Our favourite alternative MP3 player has returned with a new slimline design and a refined spec list. But can it hunt down the Nano?
We’ve long championed the iRiver Clix as a great alternative to the iPod Nano. Like the Bjork of flash players, it has a quirky charm and is much more versatile than Apple’s classic – alongside music, you get video playback, an FM radio and Java games.
But without iconic looks and the crucial lust factor the Clix has remained in the Nano’s shadow, prompting iRiver to release a sequel. The Clix 2 isn’t a radical overhaul – there’s still 4GB of storage (an 8GB model is due later this year) and the unique ‘D-Click’ navigation system – but small and spec tweaks help to polish an already impressive act.
The most obvious change is that the Clix 2 is much slimmer and sleeker than its boxy predecessor. Now featuring a curved front and reverse, the player slips into your pocket quicker than a wet bar of soap. With a 12mm waist, it’s also outrageously thin considering its functionality.
Navigating such a small player could have been a nightmare were it not for iRiver’s clever ‘D-Click’ system. With the directional buttons hidden beneath the screen’s bezel, you just follow the on-screen icons and press the corresponding button.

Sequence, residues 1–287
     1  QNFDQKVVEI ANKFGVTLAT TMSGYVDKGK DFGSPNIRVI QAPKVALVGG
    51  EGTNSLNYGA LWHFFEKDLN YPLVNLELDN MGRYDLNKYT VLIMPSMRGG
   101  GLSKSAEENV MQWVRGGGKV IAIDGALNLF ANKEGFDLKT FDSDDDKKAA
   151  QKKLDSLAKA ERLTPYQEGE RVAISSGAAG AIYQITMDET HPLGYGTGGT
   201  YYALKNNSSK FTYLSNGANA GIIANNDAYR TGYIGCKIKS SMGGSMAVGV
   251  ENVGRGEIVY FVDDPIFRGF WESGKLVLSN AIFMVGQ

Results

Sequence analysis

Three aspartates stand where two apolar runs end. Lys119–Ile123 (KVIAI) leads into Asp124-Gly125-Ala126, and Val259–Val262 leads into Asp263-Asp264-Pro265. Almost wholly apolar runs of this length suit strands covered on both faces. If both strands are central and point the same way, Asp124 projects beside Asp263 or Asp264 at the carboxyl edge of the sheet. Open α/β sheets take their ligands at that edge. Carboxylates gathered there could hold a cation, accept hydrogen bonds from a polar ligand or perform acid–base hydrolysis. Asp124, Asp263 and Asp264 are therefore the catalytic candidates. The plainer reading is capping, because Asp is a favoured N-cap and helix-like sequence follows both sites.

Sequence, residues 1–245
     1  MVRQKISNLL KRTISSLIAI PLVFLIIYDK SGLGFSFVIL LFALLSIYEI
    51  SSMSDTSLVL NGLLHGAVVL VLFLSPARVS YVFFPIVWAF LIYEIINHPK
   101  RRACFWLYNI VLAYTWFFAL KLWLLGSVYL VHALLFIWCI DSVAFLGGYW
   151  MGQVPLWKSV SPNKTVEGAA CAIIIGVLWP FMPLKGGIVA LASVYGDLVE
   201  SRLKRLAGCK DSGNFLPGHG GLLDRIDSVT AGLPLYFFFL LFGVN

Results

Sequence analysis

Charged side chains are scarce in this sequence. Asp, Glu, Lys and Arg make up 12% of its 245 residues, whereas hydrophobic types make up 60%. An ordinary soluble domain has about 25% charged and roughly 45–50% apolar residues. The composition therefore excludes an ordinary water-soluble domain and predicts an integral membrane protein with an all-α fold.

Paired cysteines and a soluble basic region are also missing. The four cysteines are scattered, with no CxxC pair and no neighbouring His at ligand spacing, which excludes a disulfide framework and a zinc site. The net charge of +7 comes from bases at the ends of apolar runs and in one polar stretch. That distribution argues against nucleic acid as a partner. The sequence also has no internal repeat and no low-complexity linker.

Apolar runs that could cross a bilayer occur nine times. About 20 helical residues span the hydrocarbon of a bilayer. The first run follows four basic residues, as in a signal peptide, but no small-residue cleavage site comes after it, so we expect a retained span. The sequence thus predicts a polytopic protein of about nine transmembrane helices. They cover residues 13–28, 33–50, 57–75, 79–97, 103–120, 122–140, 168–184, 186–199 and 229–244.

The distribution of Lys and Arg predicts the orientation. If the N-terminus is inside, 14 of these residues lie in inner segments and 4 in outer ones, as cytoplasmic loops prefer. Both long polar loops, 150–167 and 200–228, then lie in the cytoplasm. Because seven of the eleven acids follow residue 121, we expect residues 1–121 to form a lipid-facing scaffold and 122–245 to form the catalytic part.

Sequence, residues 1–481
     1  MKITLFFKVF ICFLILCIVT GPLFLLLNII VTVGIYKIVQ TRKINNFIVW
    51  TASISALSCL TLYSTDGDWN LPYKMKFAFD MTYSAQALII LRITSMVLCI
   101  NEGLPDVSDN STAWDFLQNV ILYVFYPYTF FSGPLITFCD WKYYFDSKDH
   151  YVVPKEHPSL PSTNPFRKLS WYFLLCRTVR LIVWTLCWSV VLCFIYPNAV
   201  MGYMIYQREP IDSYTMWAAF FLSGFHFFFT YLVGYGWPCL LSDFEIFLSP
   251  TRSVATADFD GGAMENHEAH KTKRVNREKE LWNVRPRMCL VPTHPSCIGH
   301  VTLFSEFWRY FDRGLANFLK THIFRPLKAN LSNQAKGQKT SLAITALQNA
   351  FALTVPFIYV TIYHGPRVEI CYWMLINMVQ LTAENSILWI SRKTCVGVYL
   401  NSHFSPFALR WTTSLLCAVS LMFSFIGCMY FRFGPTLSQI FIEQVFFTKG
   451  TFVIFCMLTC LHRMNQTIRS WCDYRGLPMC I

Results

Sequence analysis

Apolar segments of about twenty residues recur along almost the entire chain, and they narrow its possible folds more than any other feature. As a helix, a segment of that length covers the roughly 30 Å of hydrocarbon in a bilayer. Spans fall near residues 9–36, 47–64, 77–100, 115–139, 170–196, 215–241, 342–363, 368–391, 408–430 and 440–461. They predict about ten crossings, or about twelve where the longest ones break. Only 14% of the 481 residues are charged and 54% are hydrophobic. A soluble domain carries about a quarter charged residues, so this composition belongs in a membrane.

It isn’t quite as likeable as Apple’s clickwheel, and the whole front section does at times feel like it’s going to come off. But the bonuses outweigh the negatives – the button-free front gives the player great minimalist looks, and allows it to squeeze on more screen than it has any right to offer.
The 2.2in display won’t exactly have Archos squirming, but it’s surprisingly watchable. Thanks to new support for 30fps video files – twice the frame rate of its predecssor – and high bit-rate AVIs, short clips look great on the bright screen and the battery can handle eight hours of them. The only headache is getting them on there – there’s no bundled app for ripping DVDs, and we found the recommended iRiverter software to be painfully slow.
The music experience is much smoother. The Clix 2 comes with iRiver Plus 3 software, but it’s easier to use it with Windows Media Player 11. It supports a huge range of file formats too including DRM-protected WMA files (Napster, Virgin and HMV are all supported) and geek-favourite Ogg Vorbis, and sound quality is excellent provided you replace the feeble bundled headphones.
Friend of the Mac
Even Mac users are invited to the party as the Clix 2 can be switched to drag-and-drop mode, although we’d recommend selecting this before you’ve filled it up with music – doing this instantly wipes the memory.
The Clix 2’s versatility makes it the perfect choice for anyone who uses both PCs and Macs, and likes video with their music. It can’t match the Nano’s premium feel or iTunes experience, but there's no better all-rounder on the market.